- The Washington Times - Friday, December 1, 2000

Gore attorney David Boies yesterday continued to tout an Illinois court case as proof that dimpled ballots must be counted, even though an affidavit he submitted to Florida officials on the case was retracted.
Republicans say it is one of several incidents in which Vice President Al Gore's campaign, and the candidate himself, are misstating fundamental facts to get ballots counted their way and sway public opinion.
In the 1990 Illinois case, a trial judge ruled in a contested state election that dimpled or indented ballots should not be counted because the judge was unable to discern the voter's intent. The Illinois Supreme Court subsequently upheld his ruling.
A Democratic lawyer in the case, Michael Lavelle, submitted a sworn affidavit at Mr. Boies' request that stated the trial judge had, in fact, counted dimpled ballots. Democrats, who want local election boards to count indented ballots to gain more votes for Mr. Gore, presented the affidavit to the Broward and Miami-Dade county election boards.
Mr. Boies made a personal appearance Nov. 22 before the Broward board, whose two Democratic members then voted to change standards and count dimpled chads. The result: Mr. Gore picked up 585 votes.
Mr. Lavelle retracted his affidavit the following day and faxed a corrected one to Florida Democrats.
The correction, however, was not passed along to the three-member Broward board, according to a Republican attorney and a Broward election official. The corrected affidavit surfaced at the very moment Broward's two Democrats were counting indented ballots for Gore over the objections of a Republican board member.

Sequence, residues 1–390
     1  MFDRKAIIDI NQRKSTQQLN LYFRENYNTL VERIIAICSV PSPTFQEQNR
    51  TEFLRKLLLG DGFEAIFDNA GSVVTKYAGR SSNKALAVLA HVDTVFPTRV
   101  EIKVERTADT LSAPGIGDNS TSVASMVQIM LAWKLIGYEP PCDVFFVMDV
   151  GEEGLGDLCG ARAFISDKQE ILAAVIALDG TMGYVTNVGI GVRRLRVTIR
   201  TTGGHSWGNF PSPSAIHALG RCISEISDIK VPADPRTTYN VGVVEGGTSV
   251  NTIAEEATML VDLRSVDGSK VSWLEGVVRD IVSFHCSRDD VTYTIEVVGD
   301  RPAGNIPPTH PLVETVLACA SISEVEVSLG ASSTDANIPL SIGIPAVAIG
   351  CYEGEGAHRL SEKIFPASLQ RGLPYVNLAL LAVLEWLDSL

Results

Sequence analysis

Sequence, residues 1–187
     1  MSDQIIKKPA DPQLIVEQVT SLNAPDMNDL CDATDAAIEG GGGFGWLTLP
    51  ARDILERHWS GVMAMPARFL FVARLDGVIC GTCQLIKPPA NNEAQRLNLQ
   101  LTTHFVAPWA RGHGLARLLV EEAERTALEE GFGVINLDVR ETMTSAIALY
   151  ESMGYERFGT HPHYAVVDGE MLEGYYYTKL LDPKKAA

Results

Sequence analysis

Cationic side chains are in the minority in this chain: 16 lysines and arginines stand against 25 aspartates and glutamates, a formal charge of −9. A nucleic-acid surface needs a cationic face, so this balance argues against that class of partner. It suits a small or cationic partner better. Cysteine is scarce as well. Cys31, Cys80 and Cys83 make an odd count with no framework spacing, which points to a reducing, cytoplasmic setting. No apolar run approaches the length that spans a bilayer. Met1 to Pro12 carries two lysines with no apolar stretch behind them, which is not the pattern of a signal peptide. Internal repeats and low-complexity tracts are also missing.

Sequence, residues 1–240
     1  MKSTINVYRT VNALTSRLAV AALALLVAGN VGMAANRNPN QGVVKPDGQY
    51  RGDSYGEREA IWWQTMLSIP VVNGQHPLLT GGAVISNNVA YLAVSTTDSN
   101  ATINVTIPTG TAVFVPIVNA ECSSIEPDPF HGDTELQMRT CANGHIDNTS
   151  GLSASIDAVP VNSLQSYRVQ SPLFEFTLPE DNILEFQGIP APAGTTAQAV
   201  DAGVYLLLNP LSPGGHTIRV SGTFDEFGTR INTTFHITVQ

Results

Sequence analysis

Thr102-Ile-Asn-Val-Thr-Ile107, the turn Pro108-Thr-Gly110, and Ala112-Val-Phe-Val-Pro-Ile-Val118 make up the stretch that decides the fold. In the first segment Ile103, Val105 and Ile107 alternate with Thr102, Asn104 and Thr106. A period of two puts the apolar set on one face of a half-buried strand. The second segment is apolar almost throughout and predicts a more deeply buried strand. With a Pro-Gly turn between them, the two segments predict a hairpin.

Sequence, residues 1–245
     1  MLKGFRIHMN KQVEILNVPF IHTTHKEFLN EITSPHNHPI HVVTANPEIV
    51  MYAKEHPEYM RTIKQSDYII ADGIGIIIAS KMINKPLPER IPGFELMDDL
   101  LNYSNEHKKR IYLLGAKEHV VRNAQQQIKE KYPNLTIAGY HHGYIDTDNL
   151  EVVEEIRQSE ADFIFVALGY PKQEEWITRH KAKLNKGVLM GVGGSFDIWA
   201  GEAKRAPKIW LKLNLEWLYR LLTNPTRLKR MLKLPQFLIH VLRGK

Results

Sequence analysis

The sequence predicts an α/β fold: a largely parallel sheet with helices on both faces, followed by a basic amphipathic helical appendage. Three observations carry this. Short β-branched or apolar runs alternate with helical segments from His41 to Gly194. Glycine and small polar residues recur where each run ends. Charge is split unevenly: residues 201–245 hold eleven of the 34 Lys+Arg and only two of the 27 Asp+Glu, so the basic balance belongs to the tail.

Yesterday at a press conference in Tallahassee, Mr. Boies continued to promote the Illinois case.
"Now, I don't know what somebody has reported about that being the case or not being the case," Mr. Boies said, referring to news stories questioning his interpretation of the Illinois case.
"What I do know is what was reported contemporaneously, and I know what the [first Lavelle] affidavit says," he added. "Now, in addition to that, I know what the case says, and the case talks about indented ballots. So whether or not there were or were not indented ballots and I think the record is clear that there were indented ballots counted the fact is that the law is that indented ballots are relevant, and that's the proposition for which the Florida Supreme Court cited that case."
Mr. Lavelle, in his corrected affidavit, wrote, "My mistaken recollection was that the trial judge counted 'indented or dimpled ballots' where light did not shine through. In fact, the trial judge only counted 'indented or dimpled ballots' that light could pass through."
Ballots in which light can be seen through the chad (the point where a voter selects a candidate by using a stylus to punch out the box) are typically described as being detached, not dimpled.
Burton Odelson, a Bush team lawyer, said he is happy that Mr. Boies continues to cite the Illinois case.
"We agree with him," Mr. Odelson said. "I think the Illinois case should be used because it holds that you do not count indented chads. So I'm glad that Mr. Boies agrees with the Bush team."
Mr. Odelson, who represented Mr. Bush during the Broward recount, said Democrats never forwarded the revised Lavelle affidavit to the board as required.
"If this was a judicial proceeding, there would be some lawyers very worried about their own law licenses," he said. "But it was not a judicial proceeding. It was a canvassing board."